What everyone will want to know is the frequency of future policy adjustments and the ultimate stopping point. According to the September SEP (the latest available) 14 of the 17 FOMC members see 2015 as the appropriate time to start policy firming. Ten members project the fed funds rate will end this year between 1-2%. In the following year, all but three members project the appropriate rate will climb into a window of 2 to 4%.
The disconnect in these projections is the implicit assumption that when monetary policy adjustment starts, it will mark a return to normal for the U.S. economy and be accompanied by firmer inflation. The individual members of the Fed, in that respect, are as guilty as economists in making assumptions about the return to normalcy for the global economy. One might hope that they are using the SEP as a policy tool to illustrate how expectations can be massaged lower as data demands.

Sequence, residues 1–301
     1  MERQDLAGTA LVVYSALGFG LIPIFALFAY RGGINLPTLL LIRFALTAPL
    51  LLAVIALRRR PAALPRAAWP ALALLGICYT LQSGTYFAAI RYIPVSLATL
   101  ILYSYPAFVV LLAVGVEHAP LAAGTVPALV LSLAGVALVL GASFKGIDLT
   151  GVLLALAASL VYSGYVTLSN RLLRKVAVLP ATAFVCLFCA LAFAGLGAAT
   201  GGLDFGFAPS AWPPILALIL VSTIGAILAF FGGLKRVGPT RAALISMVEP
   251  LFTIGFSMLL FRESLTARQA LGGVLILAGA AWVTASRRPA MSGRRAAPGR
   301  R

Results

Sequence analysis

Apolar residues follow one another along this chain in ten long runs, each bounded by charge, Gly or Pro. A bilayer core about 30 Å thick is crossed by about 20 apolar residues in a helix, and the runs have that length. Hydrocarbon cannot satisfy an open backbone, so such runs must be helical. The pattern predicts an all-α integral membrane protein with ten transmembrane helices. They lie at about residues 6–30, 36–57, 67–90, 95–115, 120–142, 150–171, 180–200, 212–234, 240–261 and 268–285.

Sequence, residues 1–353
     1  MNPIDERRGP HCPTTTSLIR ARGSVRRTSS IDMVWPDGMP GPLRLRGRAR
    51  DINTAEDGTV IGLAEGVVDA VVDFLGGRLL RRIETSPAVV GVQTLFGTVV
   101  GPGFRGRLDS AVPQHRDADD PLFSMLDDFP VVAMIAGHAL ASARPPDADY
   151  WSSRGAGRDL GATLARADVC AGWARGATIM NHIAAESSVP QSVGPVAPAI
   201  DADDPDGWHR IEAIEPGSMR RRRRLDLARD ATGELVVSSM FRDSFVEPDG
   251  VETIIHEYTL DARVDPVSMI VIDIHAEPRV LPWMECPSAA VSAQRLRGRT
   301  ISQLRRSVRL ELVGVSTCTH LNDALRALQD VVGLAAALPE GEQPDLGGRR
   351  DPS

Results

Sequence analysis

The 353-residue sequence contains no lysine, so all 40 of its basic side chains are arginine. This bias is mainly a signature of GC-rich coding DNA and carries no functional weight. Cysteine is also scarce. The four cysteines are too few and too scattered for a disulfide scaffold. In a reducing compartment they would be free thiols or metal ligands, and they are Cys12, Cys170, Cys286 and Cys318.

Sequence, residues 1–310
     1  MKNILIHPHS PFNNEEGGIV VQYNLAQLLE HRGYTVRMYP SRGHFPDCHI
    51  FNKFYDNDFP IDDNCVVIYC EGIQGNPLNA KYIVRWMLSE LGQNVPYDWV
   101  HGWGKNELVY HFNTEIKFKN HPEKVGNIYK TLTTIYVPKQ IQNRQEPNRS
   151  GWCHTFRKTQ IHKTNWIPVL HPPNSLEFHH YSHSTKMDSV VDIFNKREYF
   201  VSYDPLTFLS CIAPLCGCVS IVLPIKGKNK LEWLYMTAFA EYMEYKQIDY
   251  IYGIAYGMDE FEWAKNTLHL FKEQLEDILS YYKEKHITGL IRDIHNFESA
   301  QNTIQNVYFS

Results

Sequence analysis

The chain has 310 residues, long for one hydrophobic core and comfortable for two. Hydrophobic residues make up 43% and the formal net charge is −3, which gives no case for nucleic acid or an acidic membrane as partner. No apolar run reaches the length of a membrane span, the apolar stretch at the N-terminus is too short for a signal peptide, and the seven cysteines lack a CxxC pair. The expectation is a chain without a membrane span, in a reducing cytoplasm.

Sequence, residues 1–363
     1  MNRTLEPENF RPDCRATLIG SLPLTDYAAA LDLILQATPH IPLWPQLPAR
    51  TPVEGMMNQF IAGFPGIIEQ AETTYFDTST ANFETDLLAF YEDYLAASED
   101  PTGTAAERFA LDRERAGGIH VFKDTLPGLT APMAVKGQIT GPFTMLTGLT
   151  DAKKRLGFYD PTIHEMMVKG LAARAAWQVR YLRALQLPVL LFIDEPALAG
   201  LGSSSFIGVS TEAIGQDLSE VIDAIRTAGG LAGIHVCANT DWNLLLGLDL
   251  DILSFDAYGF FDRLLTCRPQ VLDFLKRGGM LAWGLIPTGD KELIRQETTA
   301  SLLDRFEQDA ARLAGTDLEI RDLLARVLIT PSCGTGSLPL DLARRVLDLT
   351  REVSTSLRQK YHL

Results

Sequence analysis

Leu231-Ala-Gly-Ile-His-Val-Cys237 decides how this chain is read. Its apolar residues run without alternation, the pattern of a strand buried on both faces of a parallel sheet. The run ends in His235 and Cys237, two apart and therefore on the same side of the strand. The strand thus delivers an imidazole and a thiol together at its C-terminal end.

The financial crisis decimated demand for housing and automobiles. Banks stopped lending as the housing bubble that was brewing for several years, burst. The collapse in housing created a ripple effect causing consumers to pull in their horns as unemployment rose. Consumers continued to service auto loans because they needed to commute to work and were more likely to default on an overpriced housing liability.
In each of the nine-years prior to the last interest rate increase from the Fed, total U.S. auto sales averaged 16.73 million units. Sales fell to barely above nine million units in 2009 and for the two-year period ending 2010 recorded an annualized pace of merely 10.97 million units. The latest report shows sales running at 17.3 million. Low interest rates and a recovering labor market were critical in the auto-market recovery.